At least it’s spelled right…

A group of people in the United States took to social media on Tuesday to express shock at receiving a pornographic video while dialing in to a virtual social event held on Zoom, a California-based video conferencing platform… “Participants screamed and cringed while the hosts rushed to kick the troll out of the call. But they just re-entered under a new name and blasted the audience with more disgusting imagery.”

Reuters news story,

There’s a whole subculture devoted to shock and destruction. Of people who bring nothing to the table but a desire to disrupt, to disturb, to provoke.

Social workers Kim Abraham and Marney Studaker-Cordner have identified a few of the underlying causes of trolling in children, where it’s kind of normal:

  • Children are generally known for having a low tolerance for frustration. They want things to go their way.
  • They are unable to cope with their frustrations and extreme feelings, and destructiveness is a release of sorts.
  • Sometimes a child may learn that by breaking things or behaving in a violent manner, he will effectively frighten a parent into doing what he wants.
  • Intimidation may also give a child who’s feeling powerless a sense of control.

How is it that we’ve created an entire culture of these man-boys who have no other strategy than defiance and destruction? How is it that millions of people got stuck at eleven years old?

How is it that we elect them?

This nonsense about the “Chinese virus” has two goals. One is to encourage fear of the other, making us compliant with the hero who might save us. The other is to deflect attention from our own amazingly bad planning. (A century ago, we’d have probably called it the “Italian virus,” since Italy has been hit so badly, and we didn’t like Italians so much back then.)

Listen. Viruses don’t have nationalities or ethnicities. They don’t carry passports, don’t have allegiances to a homeland. They aren’t “attacking” us, since they lack motivation. They aren’t “aggressive,” since they lack emotion. They grow somewhat normally among animals, then at some point a human host is infected successfully, and then it’s just people all the way down after that. If people travel, viruses can come from far away. If people don’t travel, then once in a while, a virus takes down everybody in our little insignificant holler, and no one else ever hears about it.

The “Spanish flu” of a hundred years ago was originally from Kansas, then France, before discovered in significant numbers in soldiers returning to the US from Spain in World War 1. There was nothing any more Spanish about the Spanish flu than there was about the “Spanish rice” my mother made from Uncle Ben’s and paprika. There’s nothing any more Chinese about the “Chinese virus” than there is about the holiday cookies I make every year from melted chocolate and bagged chow mein noodles.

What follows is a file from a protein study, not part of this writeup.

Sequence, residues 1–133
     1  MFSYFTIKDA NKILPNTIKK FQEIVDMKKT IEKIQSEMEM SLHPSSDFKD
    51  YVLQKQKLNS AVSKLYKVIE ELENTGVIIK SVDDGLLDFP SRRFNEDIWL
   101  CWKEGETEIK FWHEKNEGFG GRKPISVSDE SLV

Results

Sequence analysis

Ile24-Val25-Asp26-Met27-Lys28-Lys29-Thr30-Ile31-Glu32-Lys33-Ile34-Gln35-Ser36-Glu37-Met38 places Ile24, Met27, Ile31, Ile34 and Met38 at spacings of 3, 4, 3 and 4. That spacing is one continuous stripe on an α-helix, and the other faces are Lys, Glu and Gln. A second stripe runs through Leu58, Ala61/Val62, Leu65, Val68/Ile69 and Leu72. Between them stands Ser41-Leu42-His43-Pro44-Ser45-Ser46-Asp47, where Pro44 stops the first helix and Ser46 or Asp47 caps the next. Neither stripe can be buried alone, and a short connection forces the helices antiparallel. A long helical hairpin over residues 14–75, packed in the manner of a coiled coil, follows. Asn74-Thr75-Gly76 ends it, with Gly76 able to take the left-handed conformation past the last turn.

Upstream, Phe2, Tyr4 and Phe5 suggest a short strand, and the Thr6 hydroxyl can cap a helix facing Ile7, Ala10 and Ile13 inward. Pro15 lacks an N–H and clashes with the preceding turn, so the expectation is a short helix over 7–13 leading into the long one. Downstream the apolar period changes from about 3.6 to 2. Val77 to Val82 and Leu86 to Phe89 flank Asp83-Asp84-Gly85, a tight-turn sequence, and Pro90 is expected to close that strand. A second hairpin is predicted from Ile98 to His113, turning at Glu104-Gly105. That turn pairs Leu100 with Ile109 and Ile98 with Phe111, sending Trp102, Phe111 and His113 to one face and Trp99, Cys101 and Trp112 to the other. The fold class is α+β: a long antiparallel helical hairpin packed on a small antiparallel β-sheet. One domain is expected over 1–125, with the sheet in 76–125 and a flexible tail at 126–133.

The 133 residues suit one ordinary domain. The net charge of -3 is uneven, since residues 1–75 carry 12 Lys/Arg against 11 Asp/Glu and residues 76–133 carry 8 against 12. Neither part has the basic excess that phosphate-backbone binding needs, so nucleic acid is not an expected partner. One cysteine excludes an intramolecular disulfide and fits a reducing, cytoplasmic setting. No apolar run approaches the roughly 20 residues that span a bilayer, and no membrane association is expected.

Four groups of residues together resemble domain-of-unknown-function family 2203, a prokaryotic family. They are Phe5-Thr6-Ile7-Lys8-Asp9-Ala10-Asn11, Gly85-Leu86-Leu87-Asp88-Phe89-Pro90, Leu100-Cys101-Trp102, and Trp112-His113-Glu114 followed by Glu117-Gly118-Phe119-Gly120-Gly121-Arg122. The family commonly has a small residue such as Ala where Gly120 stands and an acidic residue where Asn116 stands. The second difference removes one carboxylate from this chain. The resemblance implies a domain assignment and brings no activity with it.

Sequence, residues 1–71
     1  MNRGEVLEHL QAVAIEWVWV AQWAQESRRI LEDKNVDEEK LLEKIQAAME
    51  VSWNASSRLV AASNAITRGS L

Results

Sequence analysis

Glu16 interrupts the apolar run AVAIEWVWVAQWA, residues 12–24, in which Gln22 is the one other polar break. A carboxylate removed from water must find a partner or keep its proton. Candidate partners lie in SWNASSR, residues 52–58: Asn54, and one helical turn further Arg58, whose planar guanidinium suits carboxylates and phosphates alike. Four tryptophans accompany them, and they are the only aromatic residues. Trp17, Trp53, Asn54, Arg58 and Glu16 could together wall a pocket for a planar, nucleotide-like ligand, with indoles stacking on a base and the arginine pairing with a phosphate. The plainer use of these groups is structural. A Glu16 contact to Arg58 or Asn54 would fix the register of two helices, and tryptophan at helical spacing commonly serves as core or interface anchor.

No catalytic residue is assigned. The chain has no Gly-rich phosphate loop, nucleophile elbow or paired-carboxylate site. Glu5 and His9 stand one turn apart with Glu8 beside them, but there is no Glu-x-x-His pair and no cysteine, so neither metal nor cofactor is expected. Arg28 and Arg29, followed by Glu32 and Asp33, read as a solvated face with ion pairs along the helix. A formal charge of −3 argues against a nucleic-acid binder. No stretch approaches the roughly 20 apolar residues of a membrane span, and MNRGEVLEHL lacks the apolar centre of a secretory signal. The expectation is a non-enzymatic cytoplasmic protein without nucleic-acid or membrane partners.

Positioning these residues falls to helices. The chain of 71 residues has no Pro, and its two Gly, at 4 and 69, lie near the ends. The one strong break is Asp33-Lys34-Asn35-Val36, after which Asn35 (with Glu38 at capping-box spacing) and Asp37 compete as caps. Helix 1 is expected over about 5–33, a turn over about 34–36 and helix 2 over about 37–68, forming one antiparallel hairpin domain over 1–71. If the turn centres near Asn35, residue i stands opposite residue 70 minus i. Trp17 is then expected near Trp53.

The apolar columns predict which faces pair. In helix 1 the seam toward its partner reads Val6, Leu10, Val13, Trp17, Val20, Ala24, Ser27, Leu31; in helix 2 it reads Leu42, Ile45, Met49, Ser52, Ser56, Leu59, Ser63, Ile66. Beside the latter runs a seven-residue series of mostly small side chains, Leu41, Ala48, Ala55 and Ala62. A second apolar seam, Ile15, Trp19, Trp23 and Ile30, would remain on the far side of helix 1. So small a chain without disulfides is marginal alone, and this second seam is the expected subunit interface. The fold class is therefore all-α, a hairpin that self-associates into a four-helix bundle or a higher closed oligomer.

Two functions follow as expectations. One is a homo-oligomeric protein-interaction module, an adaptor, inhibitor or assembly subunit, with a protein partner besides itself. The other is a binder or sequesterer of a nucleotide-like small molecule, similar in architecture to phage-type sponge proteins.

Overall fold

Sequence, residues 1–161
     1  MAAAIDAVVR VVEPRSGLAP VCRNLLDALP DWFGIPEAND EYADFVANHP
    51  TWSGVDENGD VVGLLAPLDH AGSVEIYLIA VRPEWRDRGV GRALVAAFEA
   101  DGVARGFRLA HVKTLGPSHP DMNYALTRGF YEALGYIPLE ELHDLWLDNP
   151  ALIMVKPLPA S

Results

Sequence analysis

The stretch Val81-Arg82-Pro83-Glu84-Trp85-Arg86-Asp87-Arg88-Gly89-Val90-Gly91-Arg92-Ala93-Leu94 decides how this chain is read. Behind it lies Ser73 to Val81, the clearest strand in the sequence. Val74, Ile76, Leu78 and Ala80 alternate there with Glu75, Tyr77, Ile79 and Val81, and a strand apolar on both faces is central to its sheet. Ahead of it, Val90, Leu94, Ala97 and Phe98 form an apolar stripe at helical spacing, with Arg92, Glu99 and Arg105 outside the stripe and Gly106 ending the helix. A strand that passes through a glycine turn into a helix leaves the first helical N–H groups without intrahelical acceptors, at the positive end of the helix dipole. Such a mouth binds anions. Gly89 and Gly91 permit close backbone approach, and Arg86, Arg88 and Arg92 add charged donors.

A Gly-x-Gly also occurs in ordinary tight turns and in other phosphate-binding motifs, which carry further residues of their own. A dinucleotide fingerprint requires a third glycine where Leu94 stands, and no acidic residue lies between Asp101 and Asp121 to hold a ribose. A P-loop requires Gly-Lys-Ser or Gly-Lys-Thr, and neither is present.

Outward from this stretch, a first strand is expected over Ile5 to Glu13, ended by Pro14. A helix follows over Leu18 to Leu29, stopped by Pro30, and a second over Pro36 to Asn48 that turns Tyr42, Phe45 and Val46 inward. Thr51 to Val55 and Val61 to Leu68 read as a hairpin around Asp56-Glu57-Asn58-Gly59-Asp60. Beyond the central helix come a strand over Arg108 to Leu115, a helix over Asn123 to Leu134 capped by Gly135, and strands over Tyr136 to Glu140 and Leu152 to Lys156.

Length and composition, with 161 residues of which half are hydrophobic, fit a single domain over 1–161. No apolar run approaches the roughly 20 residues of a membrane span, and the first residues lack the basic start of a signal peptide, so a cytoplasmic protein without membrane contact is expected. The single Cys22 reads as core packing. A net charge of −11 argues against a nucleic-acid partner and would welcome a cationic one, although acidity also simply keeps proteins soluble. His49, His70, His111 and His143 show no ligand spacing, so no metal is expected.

Viruses don’t come from bad sanitation. They don’t come from “dirty cultures.” They don’t follow family lines. They come from breathing on or sneezing on or coughing on or exchanging bodily fluids with somebody else. It’s as simple as that.

As Susan Sontag wrote forty years ago in Illness as Metaphor, our need to anthropomorphize everything gets in the way of understanding diseases on their own terms. The sick become flawed, the well become virtuous. And neither are true. It’s all just respiratory droplets, in the end. Bleach and alcohol and physical distance have positive effects, fear and blame do not.

There’s a common line in internet protocols: Don’t feed the trolls. To mean, ignore them and they’ll go away. Well, we ignored them for a long time, and they elected their king to be ours. We need to step up and do better. Trolls are vicious and dangerous, far more so than viruses. In the end, they can’t be ignored, or else we cede the ground altogether.

…When it comes to how we respond to them, our tactics can and will vary, and they may involve anger, humor, love, tolerance, blocking, or maybe even some productive discussion. But ultimately, if we care about abuse, we cannot care most about whether we have comforted, converted, or even fed them. We have to care more about the people they hurt.

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